CMS Announces Changes to HCC Payment Model for 2020

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On April 1, the Centers for Medicare & Medicaid Services (CMS) released the Final Announcement outlining changes to the HCC Payment model for Medicare Advantage Plans and PACE Programs for Payment Year 2020. The HCC model used to calculate risk scores for PACE will change from the version used since 2012 (Version 21) to the 2017 model known as Version 22.

This change has caused a great deal of concern as Version 22 does not contain many of the HCCs frequently seen in the population PACE serves. Importantly, Dementia HCCs (HCC 51 and 52), early stages of Kidney Disease (HCCs 141, 140, 139, 138), early stage Pressure Ulcers (HCCs 160, 159), and many common forms of polyneuropathy (found in HCC 75) are not in the Version 22 Model.

CMS contends that these lost HCCs will be compensated by a) lessening of the Normalization Factor applied to the raw risk score, b) higher Medicaid demographic risk scores because most everyone in PACE falls into the “Full Benefit” Medicaid payment, and c) a higher Frailty Factor when applied to this new model. Seeking to verify these assumptions, CMS did a calculation of the impact Version 22 would have had in Payment Year 2017 if it had been in use then. We have reviewed the data summaries of 25 of our PACE clients. It turns out that 19 of these 25 programs would have seen an increase in their revenue and only 6 clients would have lost revenue had Version 22 been in effect. Worth noting is that the programs that would have lost revenue are not necessarily those programs with a high prevalence of dementia.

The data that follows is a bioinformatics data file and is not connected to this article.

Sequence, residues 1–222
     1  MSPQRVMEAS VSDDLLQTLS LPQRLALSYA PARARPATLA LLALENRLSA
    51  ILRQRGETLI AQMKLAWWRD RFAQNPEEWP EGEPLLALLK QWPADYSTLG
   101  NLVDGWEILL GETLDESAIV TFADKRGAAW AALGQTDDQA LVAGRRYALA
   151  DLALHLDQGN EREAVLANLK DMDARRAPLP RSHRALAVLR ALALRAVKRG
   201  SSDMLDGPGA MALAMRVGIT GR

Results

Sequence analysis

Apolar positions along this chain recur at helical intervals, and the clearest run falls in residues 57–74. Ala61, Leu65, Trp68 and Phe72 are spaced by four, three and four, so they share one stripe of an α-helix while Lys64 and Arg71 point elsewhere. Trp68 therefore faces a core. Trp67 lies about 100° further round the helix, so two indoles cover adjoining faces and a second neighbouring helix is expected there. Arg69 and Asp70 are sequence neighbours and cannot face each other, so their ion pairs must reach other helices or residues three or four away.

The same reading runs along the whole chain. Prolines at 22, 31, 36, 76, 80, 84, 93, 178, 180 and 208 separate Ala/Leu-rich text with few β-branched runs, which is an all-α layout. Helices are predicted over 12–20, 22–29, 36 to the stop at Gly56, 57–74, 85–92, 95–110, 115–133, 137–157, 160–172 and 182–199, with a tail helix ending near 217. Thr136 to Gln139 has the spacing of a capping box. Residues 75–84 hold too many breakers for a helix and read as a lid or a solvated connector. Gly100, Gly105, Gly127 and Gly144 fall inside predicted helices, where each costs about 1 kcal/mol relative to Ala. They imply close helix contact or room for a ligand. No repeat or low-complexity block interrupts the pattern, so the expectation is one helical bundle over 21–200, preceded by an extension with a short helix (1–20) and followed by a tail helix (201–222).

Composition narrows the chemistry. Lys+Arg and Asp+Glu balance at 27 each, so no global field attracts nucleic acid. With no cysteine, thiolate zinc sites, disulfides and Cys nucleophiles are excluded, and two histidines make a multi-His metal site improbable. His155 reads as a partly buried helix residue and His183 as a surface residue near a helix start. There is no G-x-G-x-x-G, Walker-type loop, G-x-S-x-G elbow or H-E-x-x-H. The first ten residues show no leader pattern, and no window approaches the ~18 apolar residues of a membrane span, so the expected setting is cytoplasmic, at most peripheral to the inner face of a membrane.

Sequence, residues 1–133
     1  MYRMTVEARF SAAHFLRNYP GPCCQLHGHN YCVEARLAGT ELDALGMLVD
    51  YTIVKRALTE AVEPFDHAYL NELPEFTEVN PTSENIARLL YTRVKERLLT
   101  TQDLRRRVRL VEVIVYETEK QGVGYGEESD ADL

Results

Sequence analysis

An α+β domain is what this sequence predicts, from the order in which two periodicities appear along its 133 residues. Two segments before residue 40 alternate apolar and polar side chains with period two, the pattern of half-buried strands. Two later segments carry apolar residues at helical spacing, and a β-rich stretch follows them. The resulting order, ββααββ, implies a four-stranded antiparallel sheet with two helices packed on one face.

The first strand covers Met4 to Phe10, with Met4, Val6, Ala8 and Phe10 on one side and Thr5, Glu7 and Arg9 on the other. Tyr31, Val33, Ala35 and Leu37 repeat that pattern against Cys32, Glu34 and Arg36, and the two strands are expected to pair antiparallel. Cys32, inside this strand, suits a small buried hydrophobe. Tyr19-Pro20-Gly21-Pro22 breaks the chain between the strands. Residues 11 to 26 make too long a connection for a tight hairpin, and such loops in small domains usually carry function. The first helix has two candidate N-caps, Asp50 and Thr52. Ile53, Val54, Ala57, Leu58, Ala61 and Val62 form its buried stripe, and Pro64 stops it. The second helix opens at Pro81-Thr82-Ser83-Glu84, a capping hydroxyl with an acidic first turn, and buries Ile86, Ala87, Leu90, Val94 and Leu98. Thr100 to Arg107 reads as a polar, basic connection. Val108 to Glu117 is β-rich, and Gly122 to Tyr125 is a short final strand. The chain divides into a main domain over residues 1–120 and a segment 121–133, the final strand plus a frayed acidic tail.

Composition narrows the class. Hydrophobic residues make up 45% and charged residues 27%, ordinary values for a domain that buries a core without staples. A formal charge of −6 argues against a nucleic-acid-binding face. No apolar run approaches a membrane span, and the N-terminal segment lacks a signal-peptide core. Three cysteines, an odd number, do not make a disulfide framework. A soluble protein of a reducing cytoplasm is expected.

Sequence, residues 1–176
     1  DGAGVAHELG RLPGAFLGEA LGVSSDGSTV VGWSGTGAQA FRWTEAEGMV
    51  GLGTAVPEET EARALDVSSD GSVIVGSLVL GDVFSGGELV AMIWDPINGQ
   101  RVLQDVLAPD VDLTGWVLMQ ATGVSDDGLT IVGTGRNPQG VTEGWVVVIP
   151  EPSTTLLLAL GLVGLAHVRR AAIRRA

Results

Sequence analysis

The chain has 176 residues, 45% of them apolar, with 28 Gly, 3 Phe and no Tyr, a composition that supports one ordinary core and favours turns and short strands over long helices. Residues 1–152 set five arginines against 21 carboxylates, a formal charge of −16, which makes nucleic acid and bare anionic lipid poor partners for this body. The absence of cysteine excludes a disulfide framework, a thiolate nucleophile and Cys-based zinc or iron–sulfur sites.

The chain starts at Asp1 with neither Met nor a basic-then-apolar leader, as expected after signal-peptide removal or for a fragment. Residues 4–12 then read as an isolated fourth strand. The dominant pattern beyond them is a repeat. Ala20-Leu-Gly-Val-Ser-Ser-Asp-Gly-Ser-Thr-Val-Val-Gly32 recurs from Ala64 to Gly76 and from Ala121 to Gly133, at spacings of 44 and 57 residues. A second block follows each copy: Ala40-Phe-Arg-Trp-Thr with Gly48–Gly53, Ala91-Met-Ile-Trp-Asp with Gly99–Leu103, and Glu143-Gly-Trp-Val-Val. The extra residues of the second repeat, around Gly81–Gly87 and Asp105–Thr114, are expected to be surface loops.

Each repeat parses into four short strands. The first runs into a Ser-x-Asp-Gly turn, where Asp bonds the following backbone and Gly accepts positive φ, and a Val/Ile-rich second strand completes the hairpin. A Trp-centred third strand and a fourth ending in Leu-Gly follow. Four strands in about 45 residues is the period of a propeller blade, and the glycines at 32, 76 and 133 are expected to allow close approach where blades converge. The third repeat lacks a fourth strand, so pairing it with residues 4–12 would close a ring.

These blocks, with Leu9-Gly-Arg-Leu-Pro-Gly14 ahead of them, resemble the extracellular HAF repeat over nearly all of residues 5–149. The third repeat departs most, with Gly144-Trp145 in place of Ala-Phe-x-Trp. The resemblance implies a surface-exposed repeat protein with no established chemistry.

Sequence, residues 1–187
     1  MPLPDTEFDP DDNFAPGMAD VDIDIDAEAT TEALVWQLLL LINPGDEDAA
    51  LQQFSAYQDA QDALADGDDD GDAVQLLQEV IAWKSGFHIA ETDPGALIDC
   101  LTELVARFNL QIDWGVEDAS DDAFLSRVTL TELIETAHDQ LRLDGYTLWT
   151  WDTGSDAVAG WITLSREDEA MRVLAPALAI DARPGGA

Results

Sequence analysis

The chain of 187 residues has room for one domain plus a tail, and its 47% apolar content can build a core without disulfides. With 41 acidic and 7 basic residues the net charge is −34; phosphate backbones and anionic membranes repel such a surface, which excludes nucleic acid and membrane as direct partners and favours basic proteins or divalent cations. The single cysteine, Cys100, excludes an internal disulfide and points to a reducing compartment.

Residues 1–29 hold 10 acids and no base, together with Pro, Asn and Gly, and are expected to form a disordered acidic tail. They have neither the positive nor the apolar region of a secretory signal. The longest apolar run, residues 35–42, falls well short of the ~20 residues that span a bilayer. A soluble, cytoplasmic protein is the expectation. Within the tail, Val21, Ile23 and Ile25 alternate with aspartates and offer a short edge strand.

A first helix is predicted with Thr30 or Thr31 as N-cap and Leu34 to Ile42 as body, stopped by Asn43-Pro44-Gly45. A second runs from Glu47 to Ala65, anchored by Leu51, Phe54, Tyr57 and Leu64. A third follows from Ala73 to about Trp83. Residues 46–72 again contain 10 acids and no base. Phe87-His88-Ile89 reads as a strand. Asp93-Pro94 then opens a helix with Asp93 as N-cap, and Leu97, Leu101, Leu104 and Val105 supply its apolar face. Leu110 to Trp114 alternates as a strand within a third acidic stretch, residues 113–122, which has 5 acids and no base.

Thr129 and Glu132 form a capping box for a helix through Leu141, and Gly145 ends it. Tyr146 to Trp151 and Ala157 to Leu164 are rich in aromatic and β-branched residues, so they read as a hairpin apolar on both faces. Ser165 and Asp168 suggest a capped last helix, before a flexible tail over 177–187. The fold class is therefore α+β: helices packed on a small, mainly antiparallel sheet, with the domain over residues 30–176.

A cautionary note: It is still very important that PACE providers detect, diagnose and accurately document the presence of dementia in your participants. It’s known that 50% of PACE participants have dementia, and, in addition to the clinical implications for the participant and your program, informing CMS of this prevalence on an ongoing basis is important for future considerations. Also, there is another HCC Model being implemented in Medicare Advantage this year that uses Dementia HCCs in risk score calculations. It is possible that in the future this model could be used in PACE.

It appears that the one way to impact this new model is by optimizing your Frailty Factor. With the HOS-M survey currently being sent to your participants, now is the best time to promote strategies that will allow accurate completion of the HOS-M survey by your participants.

George H. Brett, MD
Chief Medical Officer & Senior
VP, Consulting

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